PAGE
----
Coachella’s Rebrand As A Pop Music Festival Has Been A Long Time Coming

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The headliners for Coachella’s 19th installment have been swirling in rumors for the past couple months. Beyonce was a given, since she had canceled her 2017 appearance due to pregnancy and vowed to return triumphantly in 2018. The Weeknd was also strongly rumored from early on, a choice that makes sense when you consider that Coachella was the first major music festival to book him in 2012, where he made his US debut at the Outdoor Theatre under the blazing hot sun, only to follow that up with a sub-headlining appearance in 2015 where he actually performed after the headliner (Jack White) and invited Kanye West out for a surprise appearance. Lastly, Eminem was a later name to enter the rumored fold, with the festival apparently looking beyond the cold reaction to Revival for a sort of legacy act that will hopefully lean on his older material.

What’s missing is obvious and has been bemoaned by vocal naysayers: Where are the rock bands? It doesn’t take a One Direction member to point out that Coachella’s rock roots cannot be understated. The first year was topped by two of the more burly members of the rock community — Rage Against The Machine and Tool — and this will mark the first year in its history where none of the headliners are rock acts. It’s particularly interesting when you consider the long-standing relationship that the festival had with local radio station KROQ, who would often help promote the lineup announcement and form a noticeable alliance in terms of hyping the event. This time around, the station’s employees were forced to reconcile with the fact that their own brand has lost its foothold into the zeitgeist.

The lack of a rock headliner at Coachella 2018 shouldn’t be hard to believe. Sure, you only need to go back to 2013 to find a time when Coachella offered four (!) rock headliners — The Stone Roses, Blur, Red Hot Chili Peppers, and Phoenix. And, in fact, last year was the first time that only one of the three headliners was a rock band. For many, the shift seems sudden and from that angle, they aren’t wrong. But anyone that actually goes to Coachella knows that the shift has been coming for years.

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2013 was a notable year for the criticism Phoenix received for not really feeling like legitimate headliners (that is until they brought out R. Kelly) and for a complete lack of interest that the attendees showed for both Blur and The Stone Roses. Recent years have once again seen the turnout for big rock acts like Muse, a reunited LCD Soundsystem, and even Radiohead wane, while sets from the likes of Drake, Calvin Harris, and Lady Gaga truly capture the interest of the general attending public. When an artist like Ryan Adams shows up on the lineup, even a plush sunset outdoor slot hasn’t enticed many of the teens that attend this thing to check him out. It’s a pretty simple chicken and egg scenario — Coachella’s audience lost interest in big rock bands long before Coachella gave up on them.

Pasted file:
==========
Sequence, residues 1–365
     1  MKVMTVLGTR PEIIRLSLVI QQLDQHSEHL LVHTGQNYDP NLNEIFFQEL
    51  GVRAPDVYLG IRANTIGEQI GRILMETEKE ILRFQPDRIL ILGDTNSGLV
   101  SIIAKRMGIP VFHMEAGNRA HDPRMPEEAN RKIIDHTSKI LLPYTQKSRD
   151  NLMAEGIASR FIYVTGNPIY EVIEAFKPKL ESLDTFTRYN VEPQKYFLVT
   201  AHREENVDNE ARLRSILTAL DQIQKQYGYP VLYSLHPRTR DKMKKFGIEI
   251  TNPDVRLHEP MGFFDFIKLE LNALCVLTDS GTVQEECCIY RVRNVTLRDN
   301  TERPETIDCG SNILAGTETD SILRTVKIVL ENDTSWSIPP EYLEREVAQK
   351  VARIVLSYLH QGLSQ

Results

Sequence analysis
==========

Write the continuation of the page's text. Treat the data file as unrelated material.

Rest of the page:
For the first time ever, looking at the Coachella lineup reveals three headliners that will unquestionably attract the fashionable, selfie-taking masses, and create the sort of unifying moment that music festivals are great for. There is no weak link among the three, each own numerous songs that have become ubiquitous to our culture — even in 2018. And maybe that’s what makes for the best headliners, not necessarily the most beloved artist, but the ones that strike the most curiosity. If someone wasn’t already indoctrinated in LCD Soundsystem, it’s doubtful they would have had much curiosity in the band at all. But whether or not you listen to Beyonce on the regular, if she’s playing a concert within a few thousand feet of you, you’d probably go check it out.


Rock fans that do go to Coachella will still have plenty to enjoy. Artists like St. Vincent, The War On Drugs, Fleet Foxes, David Byrne, A Perfect Circle, Haim, Alt-J, King Krule, and Angel Olsen all offer up wildly different takes on the genre, some swinging into pop territory while others find their landings at more idiosyncratic locations. Further down the lineup, artists like Moses Sumney, Priests, Japanese Breakfast, Cherry Glazerr, Oh Sees, Greta Van Fleet, Big Thief, and FIDLAR will all show variations on guitar music, many of which have offered up the most acclaimed albums of the last year.